The five stages of grief were first proposed by Elisabeth Kübler-Ross in her 1969 book “On Death and Dying.” Mourning the loss of your health is similar to mourning the loss of a loved one. We are faced with unknowns and difficult realities. We are overcome with fears for our future, and many of us are deeply bothered by our past.
“The five stages of loss do not necessarily occur in any specific order. We often move between stages before achieving a more peaceful acceptance,” columnist Julie Axelrod wrote.
Reaching acceptance is a difficult thing to do. I think of grief as navigating through a rough sea to get to acceptance. My stages of grief I experience aren’t exactly the smooth flow of a wave that is shown in most psychology textbooks. My grief resembles waves during a storm. At first, a few waves show up, then the waves start to rise a little higher until the water and sky look as though they are preparing for a hurricane.
While managing my illness, I have noticed that one of the hardest parts of dealing with the stages of grief is the flip–flop that my emotions tend to go through. This flip–flop of emotions is what creates my waves. Just as ocean waves are controlled by forces of nature, the waves of grief are controlled by internal and external struggles.
With hypoxia and PH, I have days when I can get out of the house, I see myself as productive, I do “normal” things like work a part–time job, go to the grocery store, hang with friends, and get some exercise at the gym or at home. On these days, it is easier for me to put on my oxygen and complete all that I need to. These are the days when my ocean feels like a calm sea. Days like this make it easy to get a taste of acceptance. When I’m not burdened by the loss I feel due to my illness, it makes it easy to acknowledge it for what it is.
For me, a rougher sea starts to happen from internal physical symptoms as well as external forces. The waves get bigger on days when it’s hard for me to get out of bed in the morning; days when I feel exhaustion running errands, doing the dishes, and cooking food; when I have to stop myself mid–workout even though I completed it the day before. The days where I struggle physically are the days that make acceptance of my condition difficult and I feel caught in the pull of it all. This flip–flop between acceptance and feeling as though I’m drowning in the waves can happen day to day, and within each day.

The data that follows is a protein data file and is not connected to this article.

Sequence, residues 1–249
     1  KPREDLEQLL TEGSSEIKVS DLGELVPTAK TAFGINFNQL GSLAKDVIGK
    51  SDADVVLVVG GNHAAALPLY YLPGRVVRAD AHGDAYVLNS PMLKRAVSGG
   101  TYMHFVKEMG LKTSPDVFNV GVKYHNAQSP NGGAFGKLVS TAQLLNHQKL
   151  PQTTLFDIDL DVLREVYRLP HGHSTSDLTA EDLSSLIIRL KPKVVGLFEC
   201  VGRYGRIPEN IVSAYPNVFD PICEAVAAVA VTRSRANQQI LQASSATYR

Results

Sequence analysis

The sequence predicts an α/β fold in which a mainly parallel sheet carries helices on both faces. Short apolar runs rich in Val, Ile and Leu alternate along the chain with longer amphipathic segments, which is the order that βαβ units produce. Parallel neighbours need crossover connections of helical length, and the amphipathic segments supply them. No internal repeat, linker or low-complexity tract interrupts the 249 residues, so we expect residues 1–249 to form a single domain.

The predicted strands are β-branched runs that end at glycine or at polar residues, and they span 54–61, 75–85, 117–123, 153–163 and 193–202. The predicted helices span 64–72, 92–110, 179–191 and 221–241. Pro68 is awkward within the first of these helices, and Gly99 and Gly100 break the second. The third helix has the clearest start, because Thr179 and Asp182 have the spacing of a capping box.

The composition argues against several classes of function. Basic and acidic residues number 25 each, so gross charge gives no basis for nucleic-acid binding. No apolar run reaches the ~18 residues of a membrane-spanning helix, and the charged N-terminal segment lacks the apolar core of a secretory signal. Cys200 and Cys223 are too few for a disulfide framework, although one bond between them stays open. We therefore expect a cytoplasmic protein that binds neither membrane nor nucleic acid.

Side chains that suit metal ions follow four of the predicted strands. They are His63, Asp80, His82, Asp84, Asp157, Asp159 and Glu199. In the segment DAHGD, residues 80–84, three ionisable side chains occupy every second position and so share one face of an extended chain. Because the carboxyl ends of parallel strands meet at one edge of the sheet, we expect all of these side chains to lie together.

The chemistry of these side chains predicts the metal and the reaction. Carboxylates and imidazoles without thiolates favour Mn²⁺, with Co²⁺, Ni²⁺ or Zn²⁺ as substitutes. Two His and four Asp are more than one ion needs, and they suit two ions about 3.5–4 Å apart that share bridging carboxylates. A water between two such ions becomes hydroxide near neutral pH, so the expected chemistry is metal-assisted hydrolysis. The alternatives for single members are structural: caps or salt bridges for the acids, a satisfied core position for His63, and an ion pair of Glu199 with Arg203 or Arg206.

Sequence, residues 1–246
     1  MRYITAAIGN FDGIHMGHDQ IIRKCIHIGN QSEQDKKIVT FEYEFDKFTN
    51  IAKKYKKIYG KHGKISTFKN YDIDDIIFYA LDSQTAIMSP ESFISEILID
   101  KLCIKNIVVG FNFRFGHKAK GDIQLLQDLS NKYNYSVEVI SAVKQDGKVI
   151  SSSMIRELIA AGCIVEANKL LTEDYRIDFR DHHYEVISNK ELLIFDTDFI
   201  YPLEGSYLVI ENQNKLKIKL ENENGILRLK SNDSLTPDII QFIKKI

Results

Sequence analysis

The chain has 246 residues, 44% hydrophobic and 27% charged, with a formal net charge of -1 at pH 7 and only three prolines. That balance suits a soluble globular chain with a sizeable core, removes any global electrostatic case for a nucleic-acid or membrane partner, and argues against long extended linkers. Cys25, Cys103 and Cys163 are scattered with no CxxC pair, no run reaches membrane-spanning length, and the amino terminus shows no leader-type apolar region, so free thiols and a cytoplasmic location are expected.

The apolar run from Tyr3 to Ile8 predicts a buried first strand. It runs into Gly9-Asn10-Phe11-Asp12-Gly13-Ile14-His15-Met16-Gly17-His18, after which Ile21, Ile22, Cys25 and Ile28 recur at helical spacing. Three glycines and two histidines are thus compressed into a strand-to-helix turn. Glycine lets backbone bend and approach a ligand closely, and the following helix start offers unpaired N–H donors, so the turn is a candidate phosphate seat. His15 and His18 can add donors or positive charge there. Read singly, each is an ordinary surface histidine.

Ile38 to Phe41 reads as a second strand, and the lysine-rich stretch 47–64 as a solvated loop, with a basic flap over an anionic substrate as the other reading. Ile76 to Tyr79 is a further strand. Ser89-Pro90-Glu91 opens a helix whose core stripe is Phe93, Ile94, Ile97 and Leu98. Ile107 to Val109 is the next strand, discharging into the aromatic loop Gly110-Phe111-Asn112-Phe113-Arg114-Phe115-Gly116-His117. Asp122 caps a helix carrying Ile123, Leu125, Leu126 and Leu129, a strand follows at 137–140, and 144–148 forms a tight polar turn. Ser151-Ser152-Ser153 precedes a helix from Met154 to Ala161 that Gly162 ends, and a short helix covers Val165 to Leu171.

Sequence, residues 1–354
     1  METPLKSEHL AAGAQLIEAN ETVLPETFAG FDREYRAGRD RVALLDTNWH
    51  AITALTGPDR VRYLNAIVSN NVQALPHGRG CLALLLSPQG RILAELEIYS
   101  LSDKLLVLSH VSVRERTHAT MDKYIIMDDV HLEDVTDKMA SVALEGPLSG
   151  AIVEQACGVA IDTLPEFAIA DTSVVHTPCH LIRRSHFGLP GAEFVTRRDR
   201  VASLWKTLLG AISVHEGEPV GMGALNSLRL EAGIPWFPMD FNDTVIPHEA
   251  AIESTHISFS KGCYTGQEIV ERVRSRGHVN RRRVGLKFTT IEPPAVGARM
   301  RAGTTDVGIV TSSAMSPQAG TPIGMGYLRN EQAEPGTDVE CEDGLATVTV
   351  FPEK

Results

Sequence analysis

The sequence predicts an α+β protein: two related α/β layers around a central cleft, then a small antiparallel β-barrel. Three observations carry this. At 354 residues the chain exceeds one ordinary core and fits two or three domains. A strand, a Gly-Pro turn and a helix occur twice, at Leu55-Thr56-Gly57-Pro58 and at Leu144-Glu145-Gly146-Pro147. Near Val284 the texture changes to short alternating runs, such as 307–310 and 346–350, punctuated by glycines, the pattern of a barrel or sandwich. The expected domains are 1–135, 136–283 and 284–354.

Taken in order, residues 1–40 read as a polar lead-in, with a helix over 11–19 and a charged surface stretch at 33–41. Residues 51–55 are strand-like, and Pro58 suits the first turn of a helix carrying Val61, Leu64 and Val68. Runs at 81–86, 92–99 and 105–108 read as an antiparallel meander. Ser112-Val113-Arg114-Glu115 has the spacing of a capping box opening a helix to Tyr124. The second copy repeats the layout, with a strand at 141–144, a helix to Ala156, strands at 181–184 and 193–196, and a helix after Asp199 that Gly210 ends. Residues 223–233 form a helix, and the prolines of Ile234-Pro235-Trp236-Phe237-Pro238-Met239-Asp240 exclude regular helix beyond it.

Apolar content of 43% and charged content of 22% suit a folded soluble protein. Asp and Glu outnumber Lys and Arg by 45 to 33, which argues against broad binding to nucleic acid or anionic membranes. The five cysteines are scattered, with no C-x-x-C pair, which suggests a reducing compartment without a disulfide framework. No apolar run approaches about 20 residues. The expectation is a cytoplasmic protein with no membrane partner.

External forces also impact the roughness of the sea of grief. The external forces are other people’s reactions; doctors who are ignorant towards PH, the ones who have denied my medical conditions in the past and chalked it all up to anxiety, the ones who I have put my trust in only to lead me down the wrong path. My external forces are the people who have made it easier for me to get caught up in denial. This greatly influences my ability to accept and doesn’t make for a smooth sail.
Acceptance is the biggest challenge of living with PH and chronic illness. If you are struggling with acceptance, just remember, it’s not about having calm seas all of the time. This is impossible. It’s about having the waves come in and not letting them consume you. The biggest challenge is getting the mind to realize that we can still accept our condition even on the hard days. I practice acknowledging all of my emotions and am better at realizing when I am being pulled back by a stage of grief. It’s easy to get caught up in the waves and feel as though you are drowning, but when you get a taste of acceptance it becomes easier to adjust your sails.
Note: Pulmonary Hypertension News is strictly a news and information website about the disease. It does not provide medical advice, diagnosis, or treatment. This content is not intended to be a substitute for professional medical advice, diagnosis, or treatment. Always seek the advice of your physician or other qualified health provider with any questions you may have regarding a medical condition. Never disregard professional medical advice or delay in seeking it because of something you have read on this website. The opinions expressed in this column are not those of Pulmonary Hypertension News or its parent company, BioNews Services, and are intended to spark discussion about issues pertaining to pulmonary hypertension.